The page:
8. WINE TASTING
Wine tasting at I Pastini vineyard.
Learn more about the process and art of winemaking with a vineyard tour and tasting session at Cantina I Pastini in the heart of the Itria Valley. Located between the whitewashed towns of Locorotondo and Martina Franca, the vineyards are famous for their production of white grapes including indigenous varieties of Verdeca, Bianco d’Alessano and Fiano Minutolo, their unique taste a result of the hot summer weather and steady northerly wind. By preserving traditional wine-growing traditions in the vineyards and fusing them with modern winemaking techniques in the cellars, their wines represent an evolved method of local viticulture. You’ll start with a guided tour through the vineyards and across the traditional farm with its collection of ancient original Trulli and beautiful panoramic views where you’ll find out about how wines are grown, harvested, and bottled before taking part in a tasting session. Enjoy savouring the flavours of the local wines alongside a taste of some typical nibbles including bagels, olives and dried beans.
9. OLIVE OIL TASTING
3000 years old olive tree at Masseria Brancati, near Ostuni.
A visit to Puglia simply wouldn’t be complete without a leisurely stroll around a grove of sun-kissed olive trees. The family-run farmhouse of Masseria Brancati boasts some extensive organic olive orchards full of ancient olive trees that date back to pre-Roman times. Enjoy a wander through the groves in the beautiful afternoon sunshine where you will be introduced to some particularly special olive trees some of which have been carbon-dated to 3,000 years old. These ancient trees are so precious that they have been declared as natural monuments and have even been fitted with GPS tracking mechanisms to ensure they stay safe and sound. Afterwards you’ll descend into the original underground mill and press area that had been used for olive oil production since the bronze age before having a wander around the wonderful display of household artifacts and agricultural instruments upstairs. The tasting session takes place in the peaceful farm courtyard where you’ll be invited to sample a variety of the estate’s delicious and organic extra virgin olive oils. The citrus-infused oil is particularly excellent. By the end of it, you’ll come away with some expert tips on selecting a good oil and no doubt a few bottles of (very reasonably priced) extra virgin olive oil to enjoy at home.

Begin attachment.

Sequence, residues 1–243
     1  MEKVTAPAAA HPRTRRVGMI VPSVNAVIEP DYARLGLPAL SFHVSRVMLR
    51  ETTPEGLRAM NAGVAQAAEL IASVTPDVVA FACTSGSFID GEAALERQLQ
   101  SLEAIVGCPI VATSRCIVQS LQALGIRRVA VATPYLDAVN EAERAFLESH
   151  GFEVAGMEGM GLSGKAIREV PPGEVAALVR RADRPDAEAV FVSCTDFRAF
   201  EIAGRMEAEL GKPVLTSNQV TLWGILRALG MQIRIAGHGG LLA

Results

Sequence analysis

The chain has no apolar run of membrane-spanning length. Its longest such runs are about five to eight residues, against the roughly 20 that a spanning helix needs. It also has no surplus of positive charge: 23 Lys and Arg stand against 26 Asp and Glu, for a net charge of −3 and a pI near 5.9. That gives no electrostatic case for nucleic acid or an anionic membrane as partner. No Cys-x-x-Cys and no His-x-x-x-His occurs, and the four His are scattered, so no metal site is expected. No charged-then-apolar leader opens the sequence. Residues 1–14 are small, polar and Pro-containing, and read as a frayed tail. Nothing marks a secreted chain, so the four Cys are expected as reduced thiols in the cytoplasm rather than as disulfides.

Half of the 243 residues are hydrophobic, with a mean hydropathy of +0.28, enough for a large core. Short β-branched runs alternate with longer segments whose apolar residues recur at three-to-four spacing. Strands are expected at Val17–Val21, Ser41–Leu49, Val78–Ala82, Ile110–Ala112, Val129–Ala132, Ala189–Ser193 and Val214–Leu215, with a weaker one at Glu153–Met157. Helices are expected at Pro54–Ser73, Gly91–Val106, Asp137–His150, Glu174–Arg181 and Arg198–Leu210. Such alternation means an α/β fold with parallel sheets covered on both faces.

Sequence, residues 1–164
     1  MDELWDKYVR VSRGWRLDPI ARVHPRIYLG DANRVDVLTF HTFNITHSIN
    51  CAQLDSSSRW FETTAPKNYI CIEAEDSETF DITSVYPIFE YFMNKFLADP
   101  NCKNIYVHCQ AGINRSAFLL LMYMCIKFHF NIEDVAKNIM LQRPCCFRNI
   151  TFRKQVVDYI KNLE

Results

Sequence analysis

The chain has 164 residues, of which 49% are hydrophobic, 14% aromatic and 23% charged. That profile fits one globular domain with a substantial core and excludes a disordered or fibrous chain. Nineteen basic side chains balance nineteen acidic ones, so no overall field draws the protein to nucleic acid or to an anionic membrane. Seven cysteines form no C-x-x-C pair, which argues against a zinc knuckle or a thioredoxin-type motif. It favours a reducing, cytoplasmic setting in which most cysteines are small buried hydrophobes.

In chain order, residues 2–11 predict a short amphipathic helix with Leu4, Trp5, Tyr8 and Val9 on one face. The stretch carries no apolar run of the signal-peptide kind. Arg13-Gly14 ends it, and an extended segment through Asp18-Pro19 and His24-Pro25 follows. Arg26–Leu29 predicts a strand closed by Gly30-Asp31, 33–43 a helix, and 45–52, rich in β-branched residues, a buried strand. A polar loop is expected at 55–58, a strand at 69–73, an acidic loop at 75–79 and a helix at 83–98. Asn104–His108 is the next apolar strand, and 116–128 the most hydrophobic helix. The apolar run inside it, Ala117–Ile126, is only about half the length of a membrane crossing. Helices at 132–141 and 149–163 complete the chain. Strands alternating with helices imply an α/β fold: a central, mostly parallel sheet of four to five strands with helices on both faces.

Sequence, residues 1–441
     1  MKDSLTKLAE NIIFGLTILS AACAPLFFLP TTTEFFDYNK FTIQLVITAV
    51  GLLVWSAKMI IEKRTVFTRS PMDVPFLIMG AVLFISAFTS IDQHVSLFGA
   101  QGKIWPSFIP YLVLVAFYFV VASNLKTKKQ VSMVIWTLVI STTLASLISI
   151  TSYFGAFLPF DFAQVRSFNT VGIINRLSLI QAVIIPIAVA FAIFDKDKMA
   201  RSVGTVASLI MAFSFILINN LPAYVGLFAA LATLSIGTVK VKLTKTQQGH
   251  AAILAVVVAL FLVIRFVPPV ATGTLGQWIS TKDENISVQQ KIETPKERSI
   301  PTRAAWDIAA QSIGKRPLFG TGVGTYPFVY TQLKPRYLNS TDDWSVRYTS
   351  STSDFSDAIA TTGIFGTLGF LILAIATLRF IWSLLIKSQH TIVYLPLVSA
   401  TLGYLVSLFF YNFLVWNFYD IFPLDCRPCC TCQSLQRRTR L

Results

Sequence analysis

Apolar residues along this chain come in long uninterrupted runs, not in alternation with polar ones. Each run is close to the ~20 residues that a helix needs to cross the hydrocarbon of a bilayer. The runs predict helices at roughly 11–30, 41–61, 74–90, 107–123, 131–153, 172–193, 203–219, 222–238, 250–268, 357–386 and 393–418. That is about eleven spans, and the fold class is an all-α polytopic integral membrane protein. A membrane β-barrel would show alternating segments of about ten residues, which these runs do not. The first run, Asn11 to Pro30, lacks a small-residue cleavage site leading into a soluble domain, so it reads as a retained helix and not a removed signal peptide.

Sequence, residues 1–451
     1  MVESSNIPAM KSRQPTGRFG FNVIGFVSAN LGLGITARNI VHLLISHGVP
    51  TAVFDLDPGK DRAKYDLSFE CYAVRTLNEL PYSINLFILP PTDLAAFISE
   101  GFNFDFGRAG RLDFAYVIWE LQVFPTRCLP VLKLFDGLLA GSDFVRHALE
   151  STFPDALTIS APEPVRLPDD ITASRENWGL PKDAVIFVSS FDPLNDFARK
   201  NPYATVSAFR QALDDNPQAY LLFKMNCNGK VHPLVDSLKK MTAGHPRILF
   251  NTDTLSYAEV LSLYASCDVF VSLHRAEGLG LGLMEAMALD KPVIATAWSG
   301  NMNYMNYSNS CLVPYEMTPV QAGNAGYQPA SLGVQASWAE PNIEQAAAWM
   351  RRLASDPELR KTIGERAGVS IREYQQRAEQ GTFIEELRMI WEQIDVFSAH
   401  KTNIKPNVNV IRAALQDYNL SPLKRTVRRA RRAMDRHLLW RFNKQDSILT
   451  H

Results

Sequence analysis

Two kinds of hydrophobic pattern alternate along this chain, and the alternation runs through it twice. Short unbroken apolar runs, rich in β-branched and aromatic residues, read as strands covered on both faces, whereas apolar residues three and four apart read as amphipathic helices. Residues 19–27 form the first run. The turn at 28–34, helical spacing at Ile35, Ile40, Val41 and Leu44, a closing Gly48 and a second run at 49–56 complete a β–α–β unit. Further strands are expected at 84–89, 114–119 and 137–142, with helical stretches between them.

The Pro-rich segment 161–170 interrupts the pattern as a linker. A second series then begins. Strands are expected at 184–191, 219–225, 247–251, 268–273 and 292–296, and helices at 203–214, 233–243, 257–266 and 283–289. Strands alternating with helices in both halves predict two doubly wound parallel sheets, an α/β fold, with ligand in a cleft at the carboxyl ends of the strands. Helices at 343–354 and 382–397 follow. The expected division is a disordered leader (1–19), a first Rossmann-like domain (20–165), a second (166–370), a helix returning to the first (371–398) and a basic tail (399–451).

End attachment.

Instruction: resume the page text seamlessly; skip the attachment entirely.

The interior of a Trullo room (left) and a cave room in the Sassi (right).
One thing you can’t fail to notice in Southern Italy is the “hobbitesque” Trulli dotted all over the countryside and no trip to Puglia would be complete without spending a night in one. While on our Dolce Vita Experience you’ll get the opportunity to do just that. You’ll also stay in cave accommodation in Matera’s fascinatingly unique Sassi.
If you’re interested in visiting Southern Italy and experiencing the good life then come and join us on a Dolce Vita Experience.